Cap 12 (FIGS. l-4) comprises a hollow sleeve 28 whose bore 29 is sized such that the cap can be snugly slid over the end 23 of the inserter tube 20. A pair of diametrically opposed axially elongated slots 30 are formed in sleeve 20. The primary function of slots 20 is to receive arms 14, 15 of device 10. However, by hav ing one of their ends open at the distal edge of the sleeve (FIGS. 23) the sleeve is made radially resilient. In other words open ended slots 30 make the sleeve spring-like and capable of increasing and decreasing its diameter while snugly gripping tube 20 as it is slid therealong. Slots 30 have a pair of opposed nibs or protrusions 33 formed on their axial edges. Nibs 33 serve as stops which engage arms 14, 15 to prevent the cap from inadvertently sliding off of tube 20 once it is placed thereon.

The leading end of sleeve 23 has a pair of integral flanges 34 which extend outwardly of sleeve 28. Flanges 34 serve two functions: they provide a flat surface which is used in folding the arms 14, 15 (described in detail below); and they provide the cap with a wide, flat surface for resting against the tissue surrounding the external cervical os to prevent the cap from substantially entering the cervix during the insertion. The leading end of sleeve 28 also has a pair of U-shaped notches 35 which serve to make the leading end of the mounted intrauterine device 10 visible to the physician during the initial stages of the insertion.

The inner surface of sleeve 28 has a pair of axial ways or grooves 36 (FIGS. 45) which align with slots 30 and extend from the leading ends of slots 30 through flanges 34. Ways 36 are shaped and sized to slidingly receive arms 14, 15 when the latter are folded inwardly by the cap (described in detail below).

FIGS. 9A, 9B, 10A and 10B depict two alternative, but less preferable, embodiments of cap 12. FIGS. 9A and 9B show a cap, generally designated 37, which like cap 12, basically comprises a hollow, open-ended sleeve 38. Sleeve 38 has a pair of axially elongated slots 39 which, like slots 30 of cap 12, receive flexible arms l4, 15 of device 10. However, slots 39, unlike slots 30, do not extend to and open at the distal edge of sleeve 38. Accordingly, cap 37 is not flexible radially and, in this respect, is less preferable than cap 12. This feature also makes it more difficult to assemble cap 37 with the inserter and intrauterine device than cap 12. Sleeve 38 has a pair of ways (not shown) on its inner surface which are identical in structure and function to ways 36 of cap 12. The leading end of cap 37 has a ring shaped collar 40 having an opening 43 in it. Collar 40 serves the same purpose as flanges 34 of cap 12. Sleeve 38 has a U-shaped notch 44 in its leading end which aligns with opening 43 in collar 40. Notch 44 serves the same purpose as either one of the notches 35 of cap 12. However, since cap 37 has only one notch 44, the leading end of the mounted intrauterine device is only visible in a single position rather than in two positions as in cap 12. This is another less preferable feature of cap 37.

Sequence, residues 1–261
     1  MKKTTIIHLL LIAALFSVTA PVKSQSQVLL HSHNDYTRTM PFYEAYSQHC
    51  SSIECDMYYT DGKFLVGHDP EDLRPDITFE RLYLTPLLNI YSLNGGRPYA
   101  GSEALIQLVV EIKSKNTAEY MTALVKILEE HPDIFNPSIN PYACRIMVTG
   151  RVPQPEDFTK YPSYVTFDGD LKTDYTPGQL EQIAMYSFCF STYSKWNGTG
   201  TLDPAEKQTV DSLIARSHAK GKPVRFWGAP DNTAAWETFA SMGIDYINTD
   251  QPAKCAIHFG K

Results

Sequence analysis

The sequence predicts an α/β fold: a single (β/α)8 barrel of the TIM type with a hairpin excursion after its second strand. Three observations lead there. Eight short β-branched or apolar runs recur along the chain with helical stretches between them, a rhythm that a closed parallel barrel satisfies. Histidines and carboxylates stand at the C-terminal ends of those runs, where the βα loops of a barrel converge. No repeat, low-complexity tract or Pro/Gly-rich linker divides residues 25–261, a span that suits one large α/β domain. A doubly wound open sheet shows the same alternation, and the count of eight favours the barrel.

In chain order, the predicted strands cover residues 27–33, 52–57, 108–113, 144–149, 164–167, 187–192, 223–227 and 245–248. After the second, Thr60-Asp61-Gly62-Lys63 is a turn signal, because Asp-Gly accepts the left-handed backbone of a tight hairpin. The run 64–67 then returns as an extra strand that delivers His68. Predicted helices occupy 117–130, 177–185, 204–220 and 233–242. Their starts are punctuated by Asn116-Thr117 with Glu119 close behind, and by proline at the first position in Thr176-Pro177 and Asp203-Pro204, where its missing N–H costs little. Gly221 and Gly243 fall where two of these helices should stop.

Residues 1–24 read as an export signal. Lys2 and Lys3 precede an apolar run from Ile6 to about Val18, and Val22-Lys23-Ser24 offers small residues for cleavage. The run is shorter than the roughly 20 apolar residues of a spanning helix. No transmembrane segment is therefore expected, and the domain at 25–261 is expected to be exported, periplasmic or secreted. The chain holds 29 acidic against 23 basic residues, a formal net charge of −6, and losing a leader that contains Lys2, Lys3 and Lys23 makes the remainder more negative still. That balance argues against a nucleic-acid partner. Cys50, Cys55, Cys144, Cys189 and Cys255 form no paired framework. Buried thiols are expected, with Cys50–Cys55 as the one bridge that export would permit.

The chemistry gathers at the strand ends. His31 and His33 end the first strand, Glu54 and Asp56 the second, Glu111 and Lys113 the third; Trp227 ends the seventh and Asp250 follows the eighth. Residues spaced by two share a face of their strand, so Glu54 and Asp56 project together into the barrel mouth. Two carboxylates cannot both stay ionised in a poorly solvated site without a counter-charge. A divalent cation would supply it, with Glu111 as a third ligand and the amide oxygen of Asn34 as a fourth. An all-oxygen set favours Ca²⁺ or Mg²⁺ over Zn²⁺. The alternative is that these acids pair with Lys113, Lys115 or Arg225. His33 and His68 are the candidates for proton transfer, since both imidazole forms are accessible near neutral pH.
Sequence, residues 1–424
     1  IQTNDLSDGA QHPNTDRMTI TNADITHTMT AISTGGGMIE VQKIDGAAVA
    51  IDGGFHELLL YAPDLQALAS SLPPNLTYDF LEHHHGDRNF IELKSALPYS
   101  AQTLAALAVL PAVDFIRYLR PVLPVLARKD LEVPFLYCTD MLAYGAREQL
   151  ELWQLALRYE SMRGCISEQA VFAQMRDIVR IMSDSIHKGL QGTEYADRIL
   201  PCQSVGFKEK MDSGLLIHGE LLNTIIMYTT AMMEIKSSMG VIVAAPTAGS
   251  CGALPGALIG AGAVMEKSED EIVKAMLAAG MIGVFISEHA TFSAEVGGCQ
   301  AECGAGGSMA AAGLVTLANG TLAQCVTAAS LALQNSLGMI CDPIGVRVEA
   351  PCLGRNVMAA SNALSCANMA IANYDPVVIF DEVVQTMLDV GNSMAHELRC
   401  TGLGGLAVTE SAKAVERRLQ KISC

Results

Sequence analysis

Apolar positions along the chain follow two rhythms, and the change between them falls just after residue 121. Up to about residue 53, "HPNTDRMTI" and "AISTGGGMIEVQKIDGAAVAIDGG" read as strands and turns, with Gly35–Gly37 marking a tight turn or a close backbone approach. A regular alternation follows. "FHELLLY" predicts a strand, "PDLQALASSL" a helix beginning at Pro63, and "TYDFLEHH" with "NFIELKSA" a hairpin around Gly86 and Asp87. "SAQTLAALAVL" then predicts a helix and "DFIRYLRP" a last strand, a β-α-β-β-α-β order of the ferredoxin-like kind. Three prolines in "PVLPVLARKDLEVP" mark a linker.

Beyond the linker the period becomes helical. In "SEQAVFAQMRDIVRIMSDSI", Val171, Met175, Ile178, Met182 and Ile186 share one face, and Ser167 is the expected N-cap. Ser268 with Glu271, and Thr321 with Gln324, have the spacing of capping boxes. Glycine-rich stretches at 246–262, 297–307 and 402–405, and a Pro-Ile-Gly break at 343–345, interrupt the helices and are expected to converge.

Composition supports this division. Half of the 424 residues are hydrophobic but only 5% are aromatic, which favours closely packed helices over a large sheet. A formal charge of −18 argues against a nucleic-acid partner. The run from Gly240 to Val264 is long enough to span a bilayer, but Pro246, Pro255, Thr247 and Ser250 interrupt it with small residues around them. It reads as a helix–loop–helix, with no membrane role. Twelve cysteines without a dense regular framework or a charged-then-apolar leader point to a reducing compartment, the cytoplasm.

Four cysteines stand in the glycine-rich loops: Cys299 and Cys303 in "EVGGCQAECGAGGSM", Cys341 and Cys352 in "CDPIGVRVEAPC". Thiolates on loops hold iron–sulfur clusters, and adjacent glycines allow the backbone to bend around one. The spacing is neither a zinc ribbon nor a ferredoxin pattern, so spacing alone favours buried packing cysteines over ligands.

FIGS. 10A and 108 show a cap, generally designated 45, which is an even less desirable embodiment of cap 12. Cap 45 comprises an elongated, hollow, openended sleeve 46 having a pair of opposed, axially elongated slots 47 which are identical in structure and function to slots 39 of the cap of FIGS. 9A and 98. Also the inner surface of sleeve 46 has a pair of axial ways (not shown) identical in structure and function to ways 36 of cap 12. The leading end of sleeve 46 has a notch 48 in it for the same purpose as notch 44 of cap 37 and notches 35 of cap 12. As discussed hereinafter cap 45 requires greater manipulation by the physician than either of caps 12, 37 and is thus the least preferred cap of the three shown.

The caps may be made of the same materials and by the same techniques as inserter 11.

Assembly of the Combination FIGS. 1 and 3 illustrate the intrauterine device/inserter/cap combination assembled for distribution to physicians. Intrauterine device 10 is fixedly mounted on the leading end 23 of inserter tube 20 with its stem 13 extending down into tube 20 and its arms 14, 15 seated within notches 24. The seating of the arms in notches 24 prevents device 10 from rotating. String 19 extends from distal end 17 of stem 13 through tube 20 and out end 26 thereof and is anchored tautly at end 26 by wedging it between plug 27 and the inner surface of tube 20. This taut anchoring prevents device 10 from being displaced from end 23.